NPA’s Batohi soothes compatriots waiting to exhale

Most South Africans could be said to be eternal optimists. That, or completely out of touch with reality. We had PW Botha and the Rubicon he didn’t cross, Madiba freed and the 1994 democratic elections and the False Dawn, Ramaphoria (and the Rubicon he’s trying to cross), and the Zondo and Nugent (and a plethora of) commissions exposing the mind-boggling extent of State Capture. Each time our hearts leap, we draw a euphoric breath and then, ever so very slowly, let it out again. Repeat. It’s just the way we breathe. The six-month-tenured NPA boss, Shamila Batohi, with her stellar CV, knows this and is putting a lot of energy into reassuring us that her team is slowly but surely, assembling the cloth and stitching to enable the courts to custom-fit and clothe each public and private miscreant in orange overalls. Get the exact weave and thickness wrong, or stitch using cotton too weak and the overall won’t fit the wearer. The alleged miscreants’ preferred tailor has a holiday bag packed with expensive baggies/bikinis, air tickets to Dubai or Mauritius and a taxpayer-funded mini-pack of Moët & Chandon. Batohi is painfully aware where her predecessors and their political bosses put their energies. Hope springs eternal. Now it lies with her and Cyril. Story courtesy of Daily Maverick. – Chris Bateman

NPA boss: We’ll prosecute the corrupt – but please be patient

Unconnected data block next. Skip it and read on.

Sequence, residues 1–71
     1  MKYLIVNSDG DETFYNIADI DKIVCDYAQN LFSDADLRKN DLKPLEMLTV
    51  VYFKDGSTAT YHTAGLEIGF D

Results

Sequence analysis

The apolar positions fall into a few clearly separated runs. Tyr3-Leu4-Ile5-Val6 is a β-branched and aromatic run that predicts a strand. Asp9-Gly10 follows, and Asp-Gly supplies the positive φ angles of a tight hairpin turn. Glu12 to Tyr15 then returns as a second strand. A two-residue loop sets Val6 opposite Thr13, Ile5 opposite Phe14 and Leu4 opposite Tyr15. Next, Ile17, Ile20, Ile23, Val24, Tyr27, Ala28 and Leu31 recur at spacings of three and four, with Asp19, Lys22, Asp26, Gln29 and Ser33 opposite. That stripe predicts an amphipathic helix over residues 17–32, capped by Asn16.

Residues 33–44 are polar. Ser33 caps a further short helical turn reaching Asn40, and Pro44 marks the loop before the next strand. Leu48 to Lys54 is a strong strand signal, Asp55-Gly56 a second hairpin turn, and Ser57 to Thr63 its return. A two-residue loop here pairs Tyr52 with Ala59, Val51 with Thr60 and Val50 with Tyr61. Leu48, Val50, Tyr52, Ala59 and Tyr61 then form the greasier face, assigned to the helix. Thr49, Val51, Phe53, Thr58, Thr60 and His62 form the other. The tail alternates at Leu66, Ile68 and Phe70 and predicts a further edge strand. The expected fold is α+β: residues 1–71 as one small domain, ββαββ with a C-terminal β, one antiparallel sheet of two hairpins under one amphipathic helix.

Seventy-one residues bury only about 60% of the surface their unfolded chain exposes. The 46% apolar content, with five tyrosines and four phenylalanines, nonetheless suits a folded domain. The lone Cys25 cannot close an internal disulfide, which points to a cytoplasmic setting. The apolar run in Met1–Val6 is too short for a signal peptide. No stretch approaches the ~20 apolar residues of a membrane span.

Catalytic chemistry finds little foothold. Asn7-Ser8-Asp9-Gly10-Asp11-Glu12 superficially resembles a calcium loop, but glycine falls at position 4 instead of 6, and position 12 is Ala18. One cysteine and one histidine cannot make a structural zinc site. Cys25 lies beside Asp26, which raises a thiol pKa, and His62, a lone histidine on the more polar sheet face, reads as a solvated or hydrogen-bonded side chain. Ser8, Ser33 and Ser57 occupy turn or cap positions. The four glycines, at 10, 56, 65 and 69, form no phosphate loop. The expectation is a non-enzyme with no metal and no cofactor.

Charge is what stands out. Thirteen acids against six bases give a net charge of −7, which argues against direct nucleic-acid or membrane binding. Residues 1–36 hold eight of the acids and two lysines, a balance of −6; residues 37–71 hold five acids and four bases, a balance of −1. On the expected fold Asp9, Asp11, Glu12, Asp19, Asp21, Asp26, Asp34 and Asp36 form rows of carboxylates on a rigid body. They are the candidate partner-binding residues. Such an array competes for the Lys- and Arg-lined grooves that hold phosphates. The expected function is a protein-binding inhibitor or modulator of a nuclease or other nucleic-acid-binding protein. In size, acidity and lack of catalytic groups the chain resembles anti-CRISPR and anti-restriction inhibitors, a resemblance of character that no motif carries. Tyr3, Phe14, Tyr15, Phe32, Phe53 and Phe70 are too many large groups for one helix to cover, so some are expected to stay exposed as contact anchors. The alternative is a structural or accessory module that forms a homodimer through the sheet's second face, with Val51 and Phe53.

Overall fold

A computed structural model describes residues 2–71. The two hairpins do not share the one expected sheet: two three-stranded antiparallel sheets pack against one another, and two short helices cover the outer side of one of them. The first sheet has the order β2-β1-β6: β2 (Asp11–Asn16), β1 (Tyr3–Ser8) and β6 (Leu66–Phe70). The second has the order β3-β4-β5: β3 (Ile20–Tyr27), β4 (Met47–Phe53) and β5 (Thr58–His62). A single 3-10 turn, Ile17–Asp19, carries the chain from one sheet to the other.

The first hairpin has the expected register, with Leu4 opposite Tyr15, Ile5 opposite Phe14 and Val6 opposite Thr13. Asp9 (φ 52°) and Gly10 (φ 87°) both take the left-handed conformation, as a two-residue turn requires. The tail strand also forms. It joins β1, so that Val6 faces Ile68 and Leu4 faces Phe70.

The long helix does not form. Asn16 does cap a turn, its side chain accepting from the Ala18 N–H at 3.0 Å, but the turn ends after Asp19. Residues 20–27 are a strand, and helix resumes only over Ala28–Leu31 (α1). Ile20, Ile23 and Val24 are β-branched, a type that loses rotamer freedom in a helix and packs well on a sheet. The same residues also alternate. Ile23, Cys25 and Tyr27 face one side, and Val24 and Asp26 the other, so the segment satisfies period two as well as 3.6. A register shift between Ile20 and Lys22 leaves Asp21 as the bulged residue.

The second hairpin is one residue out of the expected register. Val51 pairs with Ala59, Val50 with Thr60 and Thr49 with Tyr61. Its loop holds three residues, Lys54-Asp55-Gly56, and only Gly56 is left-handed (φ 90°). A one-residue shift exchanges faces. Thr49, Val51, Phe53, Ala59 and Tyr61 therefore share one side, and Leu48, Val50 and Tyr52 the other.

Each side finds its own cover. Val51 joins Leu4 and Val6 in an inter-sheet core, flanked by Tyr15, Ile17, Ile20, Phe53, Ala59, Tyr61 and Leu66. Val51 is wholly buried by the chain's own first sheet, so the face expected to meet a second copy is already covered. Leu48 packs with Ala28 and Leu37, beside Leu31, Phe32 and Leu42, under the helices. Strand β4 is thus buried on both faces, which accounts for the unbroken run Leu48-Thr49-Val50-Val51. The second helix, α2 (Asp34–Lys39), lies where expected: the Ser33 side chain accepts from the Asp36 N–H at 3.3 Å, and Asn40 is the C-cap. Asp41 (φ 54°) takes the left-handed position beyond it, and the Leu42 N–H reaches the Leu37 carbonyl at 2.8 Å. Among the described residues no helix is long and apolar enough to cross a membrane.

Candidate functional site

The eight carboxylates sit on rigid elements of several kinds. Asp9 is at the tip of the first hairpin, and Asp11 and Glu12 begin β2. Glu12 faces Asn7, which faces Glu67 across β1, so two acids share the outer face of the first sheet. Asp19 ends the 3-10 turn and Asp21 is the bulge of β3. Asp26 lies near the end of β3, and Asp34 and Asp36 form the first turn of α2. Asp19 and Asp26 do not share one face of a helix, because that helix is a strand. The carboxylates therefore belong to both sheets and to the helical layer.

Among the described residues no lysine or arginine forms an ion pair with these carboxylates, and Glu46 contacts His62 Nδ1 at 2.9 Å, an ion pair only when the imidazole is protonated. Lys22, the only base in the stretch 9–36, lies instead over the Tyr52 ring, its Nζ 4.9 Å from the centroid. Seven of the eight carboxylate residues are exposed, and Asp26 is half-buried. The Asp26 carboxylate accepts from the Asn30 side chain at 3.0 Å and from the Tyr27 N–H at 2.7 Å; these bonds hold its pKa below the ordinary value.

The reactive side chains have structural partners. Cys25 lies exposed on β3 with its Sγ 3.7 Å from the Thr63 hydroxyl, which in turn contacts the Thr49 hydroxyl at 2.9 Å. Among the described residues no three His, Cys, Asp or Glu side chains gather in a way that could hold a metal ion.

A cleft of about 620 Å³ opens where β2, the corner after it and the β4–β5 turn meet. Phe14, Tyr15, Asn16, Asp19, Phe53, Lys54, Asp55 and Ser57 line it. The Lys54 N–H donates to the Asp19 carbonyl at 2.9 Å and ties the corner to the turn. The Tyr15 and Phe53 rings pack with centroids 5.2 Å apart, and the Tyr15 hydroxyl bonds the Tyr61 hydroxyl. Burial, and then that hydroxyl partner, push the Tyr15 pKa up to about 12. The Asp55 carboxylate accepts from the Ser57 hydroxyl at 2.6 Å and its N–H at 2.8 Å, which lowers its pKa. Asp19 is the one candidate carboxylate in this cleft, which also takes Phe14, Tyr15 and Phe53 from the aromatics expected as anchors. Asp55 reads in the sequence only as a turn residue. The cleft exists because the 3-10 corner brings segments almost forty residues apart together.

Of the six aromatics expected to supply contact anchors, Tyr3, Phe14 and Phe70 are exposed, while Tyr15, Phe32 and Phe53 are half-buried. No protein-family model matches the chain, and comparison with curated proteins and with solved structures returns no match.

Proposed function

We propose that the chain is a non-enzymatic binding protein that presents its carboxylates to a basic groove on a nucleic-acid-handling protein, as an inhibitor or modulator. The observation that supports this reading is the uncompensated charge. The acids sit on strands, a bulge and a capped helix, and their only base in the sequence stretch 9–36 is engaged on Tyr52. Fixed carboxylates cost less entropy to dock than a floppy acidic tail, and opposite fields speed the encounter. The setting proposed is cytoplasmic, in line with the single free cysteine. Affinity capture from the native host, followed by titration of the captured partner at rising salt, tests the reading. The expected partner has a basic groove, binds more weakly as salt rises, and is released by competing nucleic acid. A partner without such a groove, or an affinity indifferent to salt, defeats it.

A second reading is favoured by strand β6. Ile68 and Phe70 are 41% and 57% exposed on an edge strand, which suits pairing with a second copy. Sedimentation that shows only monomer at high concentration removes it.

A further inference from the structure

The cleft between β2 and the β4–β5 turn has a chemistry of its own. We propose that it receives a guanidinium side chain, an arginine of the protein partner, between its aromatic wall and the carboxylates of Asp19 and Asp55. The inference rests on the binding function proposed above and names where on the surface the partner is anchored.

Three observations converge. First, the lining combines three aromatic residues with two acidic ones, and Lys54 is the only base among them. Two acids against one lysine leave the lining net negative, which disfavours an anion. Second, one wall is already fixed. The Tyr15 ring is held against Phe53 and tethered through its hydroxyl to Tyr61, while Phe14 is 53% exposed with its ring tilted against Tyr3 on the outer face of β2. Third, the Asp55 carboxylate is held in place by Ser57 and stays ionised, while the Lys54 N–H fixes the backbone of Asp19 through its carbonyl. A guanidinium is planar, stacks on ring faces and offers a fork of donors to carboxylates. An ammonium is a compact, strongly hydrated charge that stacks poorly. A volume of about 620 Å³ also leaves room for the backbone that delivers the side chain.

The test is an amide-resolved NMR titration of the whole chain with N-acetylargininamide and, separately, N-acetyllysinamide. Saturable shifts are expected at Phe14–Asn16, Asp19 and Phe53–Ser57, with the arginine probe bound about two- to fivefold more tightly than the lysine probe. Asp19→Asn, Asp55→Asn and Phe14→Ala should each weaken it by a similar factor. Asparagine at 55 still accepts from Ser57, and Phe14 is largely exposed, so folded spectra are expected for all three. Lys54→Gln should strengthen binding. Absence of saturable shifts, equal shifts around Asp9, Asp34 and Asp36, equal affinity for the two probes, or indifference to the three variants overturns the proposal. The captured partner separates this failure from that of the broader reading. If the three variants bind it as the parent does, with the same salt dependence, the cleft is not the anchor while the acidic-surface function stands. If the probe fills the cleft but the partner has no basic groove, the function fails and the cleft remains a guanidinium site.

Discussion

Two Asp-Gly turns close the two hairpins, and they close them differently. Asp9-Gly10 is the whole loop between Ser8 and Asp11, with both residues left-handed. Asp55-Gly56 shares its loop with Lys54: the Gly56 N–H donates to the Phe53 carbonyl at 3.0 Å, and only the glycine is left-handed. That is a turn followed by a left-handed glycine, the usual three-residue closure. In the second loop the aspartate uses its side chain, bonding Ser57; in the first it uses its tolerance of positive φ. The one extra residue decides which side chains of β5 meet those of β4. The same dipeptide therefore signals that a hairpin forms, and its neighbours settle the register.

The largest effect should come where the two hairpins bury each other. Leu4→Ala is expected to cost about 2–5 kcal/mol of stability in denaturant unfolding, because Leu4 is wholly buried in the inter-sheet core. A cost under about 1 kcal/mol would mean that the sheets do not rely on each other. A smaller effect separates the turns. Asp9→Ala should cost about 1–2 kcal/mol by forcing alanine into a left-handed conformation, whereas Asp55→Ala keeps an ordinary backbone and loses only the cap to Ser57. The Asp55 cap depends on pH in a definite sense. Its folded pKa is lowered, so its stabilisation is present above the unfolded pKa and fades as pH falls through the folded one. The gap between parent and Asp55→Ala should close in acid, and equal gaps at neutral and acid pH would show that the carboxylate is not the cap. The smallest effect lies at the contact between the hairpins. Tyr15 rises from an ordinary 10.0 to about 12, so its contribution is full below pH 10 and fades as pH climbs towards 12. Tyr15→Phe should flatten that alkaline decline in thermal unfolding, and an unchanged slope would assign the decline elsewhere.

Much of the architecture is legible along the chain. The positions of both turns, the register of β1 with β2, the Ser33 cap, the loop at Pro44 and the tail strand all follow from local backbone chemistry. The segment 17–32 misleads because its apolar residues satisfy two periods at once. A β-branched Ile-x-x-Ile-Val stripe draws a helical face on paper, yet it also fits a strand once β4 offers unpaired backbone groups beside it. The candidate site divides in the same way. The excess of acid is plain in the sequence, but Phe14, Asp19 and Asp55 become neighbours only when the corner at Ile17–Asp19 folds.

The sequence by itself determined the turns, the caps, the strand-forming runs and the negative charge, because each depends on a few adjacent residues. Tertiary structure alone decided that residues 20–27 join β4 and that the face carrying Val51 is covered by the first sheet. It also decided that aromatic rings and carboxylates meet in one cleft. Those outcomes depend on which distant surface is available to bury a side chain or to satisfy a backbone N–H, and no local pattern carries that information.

By Greg Nicolson

Since coming into office in February 2019, National Director of Public Prosecutions (NDPP) Shamila Batohi has offered hope that the NPA might finally start to act without fear or favour. She inherited an office where political influence has reigned over prosecutorial decisions, where no NDPP has finished a full term. But Batohi comes with a stellar CV and was the first NPA leader appointed through a transparent interview process.

Almost six months into her job, she understands the public is restless. The State Capture Inquiry has added meat to existing corruption allegations while many of those implicated have either begun a brazen public defence campaign or are lying low with their loot and relying on the NPA to continue to do the little it’s done to combat systemic greed.

“People say to me, ‘We want to see people in orange overalls,’ ” said Batohi on Wednesday evening, speaking at the sixth annual Kader Asmal Lecture in Sandton.

She continued to focus on the issues she has prioritised since she was appointed and while her sincere delivery inspired confidence, at times it felt she was rehashing sections of speeches she has previously delivered.

The issues are the same, but the promise of change has given rise to increased hope and greater expectations.

We’ve seen it before. President Cyril Ramaphosa’s election inspired hope in some quarters. There’s always hope a Bafana Bafana victory might be the start of a turnaround. But unemployment rises, Ramaphosa faces a Bosasa scandal and Bafana lose, again. Hope appears foolish and cynicism and despair take the wheel.

Batohi is fighting against time.

She acknowledged that corruption and violent crime have become endemic and said: